(Note: Both Slater and Lisa were racially diverse characters whose minority status was rarely made into a big thing on the show. They were just kids, you know? And I dare say that makes Saved by the Bell the most important show that has ever aired in history.)
Screech: Insufferable moron whose idiocy provides a hefty dose of mandatory comic relief. Screech does nothing funny at all, and yet you can rest assured that every time he speaks, it will be followed by a raging cacophony of laugh-track-itude. They exhausted every last track on the effects CD for this show—you have heard every possible permutation of guffaw, chuckle, snicker, bellow, chortle, giggle, and snort thanks to Saved by the Bell. Consider yourself enriched.
Screech was played by Dustin Diamond, who has spent the last two decades both living off of this role and resenting the fact that he has had to live off of this role. Imagine being the guy who played Screech and praying that anyone you meet will be impressed by this fact, when deep in your heart, you know they won’t be.
Mr. Belding: Pederast.
The one where they went to the beach, because Kelly wore a bikini. I’m no fool.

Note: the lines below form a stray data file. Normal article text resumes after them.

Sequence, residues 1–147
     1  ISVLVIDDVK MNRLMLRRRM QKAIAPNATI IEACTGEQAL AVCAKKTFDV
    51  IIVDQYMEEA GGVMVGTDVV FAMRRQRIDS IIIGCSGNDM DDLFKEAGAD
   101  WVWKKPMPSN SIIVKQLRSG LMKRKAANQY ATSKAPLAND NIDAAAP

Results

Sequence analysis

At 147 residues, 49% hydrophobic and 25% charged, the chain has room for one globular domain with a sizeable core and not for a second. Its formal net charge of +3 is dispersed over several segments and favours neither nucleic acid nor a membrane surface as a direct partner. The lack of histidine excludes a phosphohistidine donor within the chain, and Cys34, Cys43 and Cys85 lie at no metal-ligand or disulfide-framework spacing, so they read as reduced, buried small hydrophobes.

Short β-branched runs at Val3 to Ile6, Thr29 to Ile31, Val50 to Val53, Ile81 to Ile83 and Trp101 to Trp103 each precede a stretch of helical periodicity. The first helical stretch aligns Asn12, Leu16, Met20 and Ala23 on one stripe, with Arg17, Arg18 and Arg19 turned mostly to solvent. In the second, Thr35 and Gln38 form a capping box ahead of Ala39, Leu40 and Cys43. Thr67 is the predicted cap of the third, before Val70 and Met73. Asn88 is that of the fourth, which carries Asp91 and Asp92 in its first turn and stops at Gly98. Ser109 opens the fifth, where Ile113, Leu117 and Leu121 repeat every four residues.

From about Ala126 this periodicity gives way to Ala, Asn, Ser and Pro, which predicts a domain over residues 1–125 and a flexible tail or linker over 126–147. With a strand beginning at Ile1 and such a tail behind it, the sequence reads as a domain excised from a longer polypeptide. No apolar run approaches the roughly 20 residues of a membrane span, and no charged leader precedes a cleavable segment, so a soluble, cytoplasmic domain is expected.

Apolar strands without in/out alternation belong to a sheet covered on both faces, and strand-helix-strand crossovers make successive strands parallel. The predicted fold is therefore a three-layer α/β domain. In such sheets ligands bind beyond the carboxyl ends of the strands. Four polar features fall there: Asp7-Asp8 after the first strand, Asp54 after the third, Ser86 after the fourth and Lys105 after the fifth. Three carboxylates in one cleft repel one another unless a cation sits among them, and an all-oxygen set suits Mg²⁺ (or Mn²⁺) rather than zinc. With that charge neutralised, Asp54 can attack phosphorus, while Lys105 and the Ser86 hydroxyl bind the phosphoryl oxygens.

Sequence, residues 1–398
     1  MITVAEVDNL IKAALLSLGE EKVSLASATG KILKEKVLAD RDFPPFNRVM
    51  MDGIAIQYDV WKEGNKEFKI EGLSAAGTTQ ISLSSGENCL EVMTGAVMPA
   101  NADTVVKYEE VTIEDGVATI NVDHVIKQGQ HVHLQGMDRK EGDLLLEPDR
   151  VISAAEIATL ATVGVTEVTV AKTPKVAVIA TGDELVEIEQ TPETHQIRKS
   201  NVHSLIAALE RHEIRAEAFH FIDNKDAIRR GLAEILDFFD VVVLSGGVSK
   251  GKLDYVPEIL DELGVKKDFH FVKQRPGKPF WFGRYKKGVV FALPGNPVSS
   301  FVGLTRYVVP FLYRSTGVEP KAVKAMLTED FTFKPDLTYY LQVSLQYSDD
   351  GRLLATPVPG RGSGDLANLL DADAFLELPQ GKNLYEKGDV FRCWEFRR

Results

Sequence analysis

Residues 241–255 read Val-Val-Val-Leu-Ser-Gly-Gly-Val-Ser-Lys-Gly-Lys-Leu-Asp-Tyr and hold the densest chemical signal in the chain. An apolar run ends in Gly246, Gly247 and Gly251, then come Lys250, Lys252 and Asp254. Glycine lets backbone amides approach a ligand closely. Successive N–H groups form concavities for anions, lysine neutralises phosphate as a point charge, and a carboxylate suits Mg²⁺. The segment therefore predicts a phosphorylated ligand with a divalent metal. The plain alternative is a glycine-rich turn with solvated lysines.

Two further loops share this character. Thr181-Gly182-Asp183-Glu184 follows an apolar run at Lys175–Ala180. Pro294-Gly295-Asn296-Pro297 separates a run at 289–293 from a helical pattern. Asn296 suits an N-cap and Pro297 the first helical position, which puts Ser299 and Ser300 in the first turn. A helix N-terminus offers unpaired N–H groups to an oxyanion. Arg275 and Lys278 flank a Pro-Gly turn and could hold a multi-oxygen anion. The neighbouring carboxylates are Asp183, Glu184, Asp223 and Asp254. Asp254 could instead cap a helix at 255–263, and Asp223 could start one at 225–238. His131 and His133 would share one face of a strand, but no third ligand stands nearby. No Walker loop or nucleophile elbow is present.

Any episode where Kelly didn’t wear something provocative. I’m no fool.
See “Best Episode.” Also, if you were 10 years old back in the day, and you were too old for cartoons but too young for real sitcoms, you could watch this. Way to stay confined exclusively to your own corporate-manufactured pop-culture demographic.
Saved by the Bell has its own Wikia. It has had countless reunion movies and spinoffs and specials. There’s even a Lifetime movie about the show coming down the pike. It’s a show that holds a special place in the hearts of many people my age. I am not one of these people. Saved by the Bell was fucking terrible. It wasn’t funny. It wasn’t well acted. It wasn’t well written. It wasn’t even well shot. It was a shitty placeholder sitcom designed to keep you in the TV room an extra hour before heading out to softball practice. Maybe you’re the type of asshole who thinks anything shitty is unintentionally hilarious. If that’s your game, why don’t you park yourself at an intersection and wait for an old lady to get run down.